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responden a campañas difamatorias.” April 7, 2004. Available online. Accessed July 28, 2008. [19] International Crisis Group. “War and Drugs in Colombia.” January 27, 2005. Available online. Accessed September 1, 2006. [20] Guodong, Du (2008-01-16). "FARC repeats demand for hostage-prisoner exchange". Xinhua News Agency. http://news.xinhuanet.com/english/ 2008-01/16/content_7430938.htm. Retrieved on 2008-02-13. [21] Agencia Prensa Rural: ’El baile rojo’ by Yezid Campos Zornosa, report by Constanza Vieira on the Colombian documentary film. Google video: ’The Red Dance’ Accessed February 15, 2008; Corporación Reiniciar: ’Who are we?’ Accessed February 20, 2008 [22] ^ Human Rights Watch. “More FARC Killings with Gas Cylinder Bombs: Atrocities Target Indigenous Group “ April 25, 2005. Available online. Accessed September 1, 2006. [23] Forero, Juan (2007-07-26). "Report Cites Rebels’ Wide Use of Mines In Colombia". Washington Post: A16. http://www.washingtonpost.com/wp-dyn/ content/article/2007/07/25/ AR2007072501093.html?nav=rss_world/ southamerica. Retrieved on 2008-02-13. [24] August 3, 2007. Garry Leech intervies Raul Reyes. Available online. Accessed March 30, 2008. [25] Human Rights Watch. “Colombia: Armed Groups Send Children to War.” February 22, 2005. Available online. Accessed September 1, 2006. [26] ^ Human Rights Watch. “’You’ll Learn Not to Cry: Child Combatants in Colombia.” September 2003. ISBN 1564322882. Available online. Accessed September 1, 2006. [27] Osterling, Jorge Pablo; Xavier Sanin (1989). Democracy in Colombia: Clientelist Politics and Guerrilla Warfare. Transaction Publishers. pp. 280. [28] Dudley, Steven. Walking Ghosts: Murder and Guerrilla Politics in Colombia. 256 pages. Routledge, January, 2004. ISBN 0-415-93303-X. pg. 47-56; 59-60. [29] Ferro Medina, Juan Guillermo: «Las FARC y su relación con la economía de la coca en el sur de Colombia: Testimonios de Colonos y Guerrilleros», L´ordinaire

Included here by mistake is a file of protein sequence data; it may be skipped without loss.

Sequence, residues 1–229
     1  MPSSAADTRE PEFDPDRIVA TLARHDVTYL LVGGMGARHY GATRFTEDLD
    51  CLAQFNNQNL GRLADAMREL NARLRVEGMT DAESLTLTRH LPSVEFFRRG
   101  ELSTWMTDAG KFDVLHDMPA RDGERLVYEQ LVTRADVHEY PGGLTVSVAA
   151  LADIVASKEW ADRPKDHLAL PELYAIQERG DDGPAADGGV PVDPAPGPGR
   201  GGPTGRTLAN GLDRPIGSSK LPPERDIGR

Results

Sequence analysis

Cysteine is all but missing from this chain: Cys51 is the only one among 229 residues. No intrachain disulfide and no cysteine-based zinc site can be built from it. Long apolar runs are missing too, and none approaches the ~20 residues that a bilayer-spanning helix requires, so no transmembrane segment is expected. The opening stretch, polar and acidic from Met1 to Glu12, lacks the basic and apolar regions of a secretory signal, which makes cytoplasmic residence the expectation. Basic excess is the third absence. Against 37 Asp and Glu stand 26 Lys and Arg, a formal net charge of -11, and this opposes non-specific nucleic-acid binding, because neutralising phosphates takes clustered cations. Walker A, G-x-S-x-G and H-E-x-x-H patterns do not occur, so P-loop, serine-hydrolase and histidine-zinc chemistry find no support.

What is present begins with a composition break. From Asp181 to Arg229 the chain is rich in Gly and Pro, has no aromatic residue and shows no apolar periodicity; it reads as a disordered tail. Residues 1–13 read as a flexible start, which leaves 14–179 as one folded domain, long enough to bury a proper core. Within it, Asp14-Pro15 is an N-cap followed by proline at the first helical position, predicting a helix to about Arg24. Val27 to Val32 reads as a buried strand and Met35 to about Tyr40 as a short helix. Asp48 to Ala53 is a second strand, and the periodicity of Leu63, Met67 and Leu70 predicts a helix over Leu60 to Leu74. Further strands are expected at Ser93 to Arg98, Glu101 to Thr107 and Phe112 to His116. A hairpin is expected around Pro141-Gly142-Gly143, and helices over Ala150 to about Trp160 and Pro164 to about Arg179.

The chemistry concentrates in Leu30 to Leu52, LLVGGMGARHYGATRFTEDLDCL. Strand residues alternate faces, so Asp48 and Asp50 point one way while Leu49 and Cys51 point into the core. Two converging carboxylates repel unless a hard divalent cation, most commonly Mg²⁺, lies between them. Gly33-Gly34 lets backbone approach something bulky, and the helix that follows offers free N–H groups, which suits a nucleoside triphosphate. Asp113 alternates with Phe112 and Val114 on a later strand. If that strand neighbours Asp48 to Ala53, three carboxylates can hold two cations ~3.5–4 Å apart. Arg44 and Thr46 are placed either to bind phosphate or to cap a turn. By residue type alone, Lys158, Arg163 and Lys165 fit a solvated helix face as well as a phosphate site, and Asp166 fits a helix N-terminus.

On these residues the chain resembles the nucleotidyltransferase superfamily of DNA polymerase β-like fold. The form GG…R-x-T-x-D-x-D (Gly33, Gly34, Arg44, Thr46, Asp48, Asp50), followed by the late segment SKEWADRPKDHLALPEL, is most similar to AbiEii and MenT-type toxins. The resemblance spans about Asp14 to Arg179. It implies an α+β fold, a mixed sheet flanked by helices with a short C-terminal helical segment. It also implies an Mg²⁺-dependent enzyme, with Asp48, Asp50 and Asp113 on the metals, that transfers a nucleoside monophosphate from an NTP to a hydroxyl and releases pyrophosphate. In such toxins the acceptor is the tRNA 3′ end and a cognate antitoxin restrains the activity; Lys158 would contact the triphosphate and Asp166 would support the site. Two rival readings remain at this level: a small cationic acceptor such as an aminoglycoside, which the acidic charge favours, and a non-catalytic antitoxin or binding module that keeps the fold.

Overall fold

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Latino-americain 179: enero-marzo de 2000. [30] «40 años de las FARC. Pág. 4: Crecimiento», en BBC Mundo. [31] «40 años de las FARC. Pág. 6: La Unión Patriótica», en BBC Mundo. [32] «40 años de las FARC. Pág. 6: Otros acercamientos», en BBC Mundo. [33] Carta de los intelectuales colombianos a la Coordinadora Guerrilla Simón Bolívar, en Nueva Sociedad 125: mayo-junio de 1993. [34] Ramírez, María Clemencia: «The Politics of Recognition and Citizenship in Putumayo and in the Baja Bota of Cauca: The Case of the 1996 cocalero movement» (en inglés). [35] Betancourt Santiago, Milson: «El movimiento de campesinos cocaleros del Putumayo en Colombia», en Aportes Andinos 11: octubre de 2004. [36] BBC News. “Colombian army moves against rebels.” February 21, 2002 Available online. Accessed November 3, 2006. [37] "IRA + PLO". National Review. 2002-08-21. http://www.nationalreview.com/script/ printpage.p?ref=/comment/commentehrenfeld082102.asp. [38] "Adams Delays Testifying in U.S. About I.R.A. Action in Colombia". The New York Times. 2002-04-24. http://query.nytimes.com/gst/ fullpage.html?res=9A06E2DD163EF937A15757C0A9 [39] "Arrested IRA man is Sinn Fein’s fixer in Latin America". The Guardian. 2001-08-16. http://www.guardian.co.uk/ uk/2001/aug/16/ colombia.northernireland?commentpage=1. [40] ^ "Appeal to Ahern over republicans". BBC News. 2005-08-11. http://news.bbc.co.uk/2/hi/uk_news/ northern_ireland/4140302.stm. [41] BBC News. "Profile: Alvaro Uribe Velez." July 3, 2008.Available online. [42] BBC News. “’Deadliest’ hit on Colombian army.” February 10, 2005. Available online. Accessed November 5, 2006. [43] BBC News. “Colombia ’to release Farc rebels.’” December 2, 2006. Available online. Accessed November 5, 2006. [44] FARC-EP. Comunicado las FARC. November 28, 2004. Archived online. Archive created March 5, 2006 and accessed November 11, 2006.